Minister of State with responsibility for Research and Innovation, Sean Sherlock T.D., has welcomed "The Learning Curve - Education and Skills for Life" report which was recently published by education company Pearson.
This report places Ireland’s education system in 9th position in a new global table. The 2014 report has taken "skills for life" as its theme. It involves 39 countries and one region (Hong Kong).
The report is a compilation of the results and rankings of other studies including PIRLS, PISA and TIMSS and also PIAAC, Two categories of education outputs were used - cognitive skills (PIRLS, TIMSS and PISA) and educational outcomes (graduation rates and literacy).
The top five achievers are all from East Asian countries/regions, topped by South Korea. Fifth to 9th places are occupied by Finland, UK, Canada, Netherlands and Ireland. Ireland has moved up one places since 2012, when it was ranked 10th.
Minister Sherlock said, “The development of skills for our students is, I believe, not only important during their primary and second level education but also needs to be reinforced in adulthood so that the skills are maintained and enhanced. We are really talking about learning for life and it is welcome to see Ireland performing so well in this study which reflects knowledge and skills in later life.”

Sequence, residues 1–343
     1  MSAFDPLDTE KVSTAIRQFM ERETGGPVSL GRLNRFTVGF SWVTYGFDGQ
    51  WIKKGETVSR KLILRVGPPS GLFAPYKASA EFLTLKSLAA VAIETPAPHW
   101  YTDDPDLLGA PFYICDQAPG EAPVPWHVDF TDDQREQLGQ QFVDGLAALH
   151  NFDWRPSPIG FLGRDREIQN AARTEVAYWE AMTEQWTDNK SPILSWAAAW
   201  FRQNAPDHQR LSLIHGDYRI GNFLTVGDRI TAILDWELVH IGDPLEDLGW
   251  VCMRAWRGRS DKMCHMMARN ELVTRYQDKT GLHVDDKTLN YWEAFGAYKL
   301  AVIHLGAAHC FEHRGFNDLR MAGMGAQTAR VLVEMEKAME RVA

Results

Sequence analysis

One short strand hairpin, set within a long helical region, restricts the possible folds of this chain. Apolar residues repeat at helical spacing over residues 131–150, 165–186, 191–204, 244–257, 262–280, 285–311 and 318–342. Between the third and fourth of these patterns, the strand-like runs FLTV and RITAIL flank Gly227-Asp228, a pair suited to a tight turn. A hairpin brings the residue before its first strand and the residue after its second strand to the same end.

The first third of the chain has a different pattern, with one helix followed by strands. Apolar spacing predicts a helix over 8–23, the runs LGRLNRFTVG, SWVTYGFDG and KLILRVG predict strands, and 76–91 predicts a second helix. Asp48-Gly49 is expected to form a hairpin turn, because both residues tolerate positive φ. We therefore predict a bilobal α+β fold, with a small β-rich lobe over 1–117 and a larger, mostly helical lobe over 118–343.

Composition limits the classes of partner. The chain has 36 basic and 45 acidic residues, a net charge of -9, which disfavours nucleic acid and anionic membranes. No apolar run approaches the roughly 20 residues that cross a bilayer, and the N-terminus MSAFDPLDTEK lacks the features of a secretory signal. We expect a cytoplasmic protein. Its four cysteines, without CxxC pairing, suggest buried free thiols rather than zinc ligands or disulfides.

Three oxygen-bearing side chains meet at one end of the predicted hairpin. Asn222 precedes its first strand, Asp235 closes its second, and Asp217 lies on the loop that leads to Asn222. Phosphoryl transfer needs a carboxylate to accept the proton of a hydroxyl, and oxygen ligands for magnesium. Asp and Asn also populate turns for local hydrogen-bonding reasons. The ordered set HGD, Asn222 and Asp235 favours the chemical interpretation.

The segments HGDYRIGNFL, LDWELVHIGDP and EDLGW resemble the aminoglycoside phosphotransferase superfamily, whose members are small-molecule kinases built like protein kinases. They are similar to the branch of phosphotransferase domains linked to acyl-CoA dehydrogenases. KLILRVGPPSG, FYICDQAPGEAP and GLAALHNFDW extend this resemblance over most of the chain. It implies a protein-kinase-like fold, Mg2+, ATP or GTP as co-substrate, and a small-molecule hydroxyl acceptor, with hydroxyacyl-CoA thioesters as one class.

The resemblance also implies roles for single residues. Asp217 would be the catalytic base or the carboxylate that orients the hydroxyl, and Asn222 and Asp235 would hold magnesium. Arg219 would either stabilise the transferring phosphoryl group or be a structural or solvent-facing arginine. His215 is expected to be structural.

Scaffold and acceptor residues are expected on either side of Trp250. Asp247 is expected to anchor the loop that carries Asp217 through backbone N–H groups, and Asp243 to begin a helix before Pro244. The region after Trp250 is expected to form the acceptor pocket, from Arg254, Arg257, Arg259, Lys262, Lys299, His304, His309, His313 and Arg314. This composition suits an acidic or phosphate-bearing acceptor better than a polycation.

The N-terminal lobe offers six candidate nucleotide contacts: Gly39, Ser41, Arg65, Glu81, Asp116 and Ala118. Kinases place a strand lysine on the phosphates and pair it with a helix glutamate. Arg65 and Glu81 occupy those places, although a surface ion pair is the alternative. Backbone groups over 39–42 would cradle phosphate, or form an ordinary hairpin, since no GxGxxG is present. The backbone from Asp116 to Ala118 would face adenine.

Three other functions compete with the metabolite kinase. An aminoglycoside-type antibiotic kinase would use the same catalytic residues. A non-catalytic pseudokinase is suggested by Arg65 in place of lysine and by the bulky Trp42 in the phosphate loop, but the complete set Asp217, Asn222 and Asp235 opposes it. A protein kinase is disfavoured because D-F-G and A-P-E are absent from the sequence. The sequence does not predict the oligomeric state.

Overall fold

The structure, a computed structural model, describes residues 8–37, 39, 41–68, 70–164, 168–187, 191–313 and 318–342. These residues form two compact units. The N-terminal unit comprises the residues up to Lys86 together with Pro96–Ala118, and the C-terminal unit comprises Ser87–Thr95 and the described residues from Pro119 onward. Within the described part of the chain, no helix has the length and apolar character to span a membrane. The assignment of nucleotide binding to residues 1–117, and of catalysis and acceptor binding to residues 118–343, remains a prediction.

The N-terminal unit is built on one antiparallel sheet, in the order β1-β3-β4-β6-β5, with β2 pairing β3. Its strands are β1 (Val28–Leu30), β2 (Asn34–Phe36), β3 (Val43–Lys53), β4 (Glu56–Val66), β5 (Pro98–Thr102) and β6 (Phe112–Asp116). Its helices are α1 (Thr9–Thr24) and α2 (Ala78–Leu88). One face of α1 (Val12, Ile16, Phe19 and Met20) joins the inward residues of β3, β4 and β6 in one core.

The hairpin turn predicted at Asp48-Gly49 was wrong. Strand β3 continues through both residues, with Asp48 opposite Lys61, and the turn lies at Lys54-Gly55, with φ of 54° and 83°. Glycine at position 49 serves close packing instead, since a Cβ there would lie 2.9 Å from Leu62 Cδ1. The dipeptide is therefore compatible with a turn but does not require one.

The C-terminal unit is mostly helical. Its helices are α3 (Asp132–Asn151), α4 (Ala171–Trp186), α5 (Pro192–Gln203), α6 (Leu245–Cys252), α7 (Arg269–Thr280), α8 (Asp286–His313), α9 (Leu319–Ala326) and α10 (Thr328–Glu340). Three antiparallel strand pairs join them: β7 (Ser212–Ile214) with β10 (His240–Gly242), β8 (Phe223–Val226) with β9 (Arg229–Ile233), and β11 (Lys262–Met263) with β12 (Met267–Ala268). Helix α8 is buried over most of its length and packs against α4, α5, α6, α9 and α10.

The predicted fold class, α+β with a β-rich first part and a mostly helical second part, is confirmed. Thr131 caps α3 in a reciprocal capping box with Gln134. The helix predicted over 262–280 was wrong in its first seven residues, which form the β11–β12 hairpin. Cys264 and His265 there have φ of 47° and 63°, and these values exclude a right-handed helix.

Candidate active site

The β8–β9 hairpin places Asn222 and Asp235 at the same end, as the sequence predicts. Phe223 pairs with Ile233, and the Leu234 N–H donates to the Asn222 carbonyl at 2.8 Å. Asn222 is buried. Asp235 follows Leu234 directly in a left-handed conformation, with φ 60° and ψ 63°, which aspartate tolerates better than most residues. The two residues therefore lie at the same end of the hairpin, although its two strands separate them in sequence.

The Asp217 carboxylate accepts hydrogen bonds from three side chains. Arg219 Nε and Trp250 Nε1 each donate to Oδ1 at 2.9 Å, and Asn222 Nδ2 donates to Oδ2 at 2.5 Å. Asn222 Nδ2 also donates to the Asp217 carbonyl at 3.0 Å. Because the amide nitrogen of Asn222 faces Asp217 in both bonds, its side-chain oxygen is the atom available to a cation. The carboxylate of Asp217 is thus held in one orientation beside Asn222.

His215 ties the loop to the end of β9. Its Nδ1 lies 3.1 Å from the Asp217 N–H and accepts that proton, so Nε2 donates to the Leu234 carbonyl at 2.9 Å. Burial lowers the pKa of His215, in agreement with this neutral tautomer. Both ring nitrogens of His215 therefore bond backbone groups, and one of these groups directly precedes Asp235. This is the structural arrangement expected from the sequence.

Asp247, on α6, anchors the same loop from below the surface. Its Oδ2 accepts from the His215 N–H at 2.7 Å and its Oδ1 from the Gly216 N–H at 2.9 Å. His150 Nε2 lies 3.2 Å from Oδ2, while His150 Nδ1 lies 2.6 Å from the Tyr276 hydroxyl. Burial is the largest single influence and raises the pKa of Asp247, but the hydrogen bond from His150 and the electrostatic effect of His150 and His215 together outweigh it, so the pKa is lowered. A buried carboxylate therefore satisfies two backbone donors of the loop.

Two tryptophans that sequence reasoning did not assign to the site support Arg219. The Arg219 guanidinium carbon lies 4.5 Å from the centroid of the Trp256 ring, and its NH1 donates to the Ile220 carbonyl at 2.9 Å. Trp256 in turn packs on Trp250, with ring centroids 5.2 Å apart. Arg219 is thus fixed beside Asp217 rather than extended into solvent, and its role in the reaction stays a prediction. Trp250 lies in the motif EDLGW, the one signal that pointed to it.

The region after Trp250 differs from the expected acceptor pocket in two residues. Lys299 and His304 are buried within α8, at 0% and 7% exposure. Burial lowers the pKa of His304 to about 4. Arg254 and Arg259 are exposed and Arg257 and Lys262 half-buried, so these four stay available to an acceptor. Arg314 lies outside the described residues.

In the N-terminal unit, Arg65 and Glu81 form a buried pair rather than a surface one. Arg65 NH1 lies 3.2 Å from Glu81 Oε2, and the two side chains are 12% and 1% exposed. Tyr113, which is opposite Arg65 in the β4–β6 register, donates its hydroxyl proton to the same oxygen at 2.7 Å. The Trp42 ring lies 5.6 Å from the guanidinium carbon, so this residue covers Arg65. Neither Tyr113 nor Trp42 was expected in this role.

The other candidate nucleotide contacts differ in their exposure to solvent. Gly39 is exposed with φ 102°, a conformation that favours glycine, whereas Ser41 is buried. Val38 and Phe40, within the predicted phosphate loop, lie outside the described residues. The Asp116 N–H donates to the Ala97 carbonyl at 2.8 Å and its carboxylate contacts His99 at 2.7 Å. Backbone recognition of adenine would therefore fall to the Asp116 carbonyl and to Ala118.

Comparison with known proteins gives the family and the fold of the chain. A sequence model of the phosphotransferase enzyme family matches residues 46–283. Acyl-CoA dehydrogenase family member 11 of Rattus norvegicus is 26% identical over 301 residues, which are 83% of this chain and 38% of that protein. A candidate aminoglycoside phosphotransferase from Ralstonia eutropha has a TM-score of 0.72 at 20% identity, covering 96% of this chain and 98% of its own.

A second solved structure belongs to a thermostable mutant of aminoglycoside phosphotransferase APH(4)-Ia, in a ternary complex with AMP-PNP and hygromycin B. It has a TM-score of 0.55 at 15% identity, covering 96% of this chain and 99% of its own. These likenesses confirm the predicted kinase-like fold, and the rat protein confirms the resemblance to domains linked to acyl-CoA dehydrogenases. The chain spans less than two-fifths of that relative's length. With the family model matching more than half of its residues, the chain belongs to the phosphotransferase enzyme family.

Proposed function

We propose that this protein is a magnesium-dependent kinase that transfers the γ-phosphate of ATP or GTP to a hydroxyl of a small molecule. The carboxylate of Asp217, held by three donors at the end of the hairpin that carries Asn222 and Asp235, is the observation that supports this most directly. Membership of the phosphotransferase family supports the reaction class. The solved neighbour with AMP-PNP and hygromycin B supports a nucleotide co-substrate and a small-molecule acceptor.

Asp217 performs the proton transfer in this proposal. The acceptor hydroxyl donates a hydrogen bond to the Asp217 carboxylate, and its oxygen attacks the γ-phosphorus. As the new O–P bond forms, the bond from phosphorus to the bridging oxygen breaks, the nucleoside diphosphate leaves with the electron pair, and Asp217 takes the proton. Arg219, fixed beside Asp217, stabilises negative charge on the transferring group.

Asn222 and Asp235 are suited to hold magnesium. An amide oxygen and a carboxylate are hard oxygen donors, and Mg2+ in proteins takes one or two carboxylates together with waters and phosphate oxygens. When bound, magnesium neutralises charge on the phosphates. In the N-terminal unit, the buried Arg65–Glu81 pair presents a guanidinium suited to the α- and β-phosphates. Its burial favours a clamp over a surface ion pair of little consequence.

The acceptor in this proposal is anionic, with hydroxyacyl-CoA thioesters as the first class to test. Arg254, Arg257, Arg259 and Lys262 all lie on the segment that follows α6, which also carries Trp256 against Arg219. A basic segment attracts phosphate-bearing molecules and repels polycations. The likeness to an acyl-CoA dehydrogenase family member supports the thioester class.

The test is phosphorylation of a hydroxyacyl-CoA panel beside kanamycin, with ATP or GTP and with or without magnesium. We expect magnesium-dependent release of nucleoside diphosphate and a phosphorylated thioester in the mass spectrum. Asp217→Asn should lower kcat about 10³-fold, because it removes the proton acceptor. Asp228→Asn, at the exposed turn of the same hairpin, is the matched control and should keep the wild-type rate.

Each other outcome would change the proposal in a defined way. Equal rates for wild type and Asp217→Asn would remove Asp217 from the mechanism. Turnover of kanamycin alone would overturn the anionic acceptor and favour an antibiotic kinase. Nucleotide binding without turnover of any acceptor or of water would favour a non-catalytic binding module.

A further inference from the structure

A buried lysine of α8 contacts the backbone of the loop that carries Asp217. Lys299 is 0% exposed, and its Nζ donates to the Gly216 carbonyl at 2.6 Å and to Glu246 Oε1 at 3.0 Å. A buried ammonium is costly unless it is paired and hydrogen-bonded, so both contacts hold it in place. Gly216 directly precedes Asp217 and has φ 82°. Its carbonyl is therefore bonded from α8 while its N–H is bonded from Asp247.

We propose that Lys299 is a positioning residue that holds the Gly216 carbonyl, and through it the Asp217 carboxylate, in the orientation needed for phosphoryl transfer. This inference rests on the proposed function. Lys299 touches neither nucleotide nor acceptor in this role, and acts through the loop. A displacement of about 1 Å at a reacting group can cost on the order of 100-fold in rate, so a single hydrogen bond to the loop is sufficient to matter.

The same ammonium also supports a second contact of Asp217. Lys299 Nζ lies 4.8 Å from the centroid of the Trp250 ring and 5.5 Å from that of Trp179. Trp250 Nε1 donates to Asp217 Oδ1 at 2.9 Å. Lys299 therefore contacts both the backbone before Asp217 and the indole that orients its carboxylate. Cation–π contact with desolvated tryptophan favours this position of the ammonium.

“The Learning Curve provides evidence based data which can be used by myself and my colleagues as we consider education into the future. The Pearson report concludes that student and parent engagement in academic performance is key; the up-skilling of adults is vital to reduce the decline in skills achieved in school; and most importantly Pearson stresses that improvements can happen and are happening.”
The Minister continued, “This Pearson report is one of many reports that we use when we are considering the reforms that are needed in our education system. I am happy that Ireland's achievements are improving and placing us higher on a global scale. But we need to constantly improve and reform so that we don’t become complacent.”
“From a STEM perspective, which I have responsibility for in the Department of Education and Skills, we should be ensuring a focus on developing skills and examining how digital learning and technology can enhance our learning for life.”
 PIRLS Progress in International Reading Literacy Study
TIMSS Trends in International Mathematics and Science study
PISA Programme for international student assessment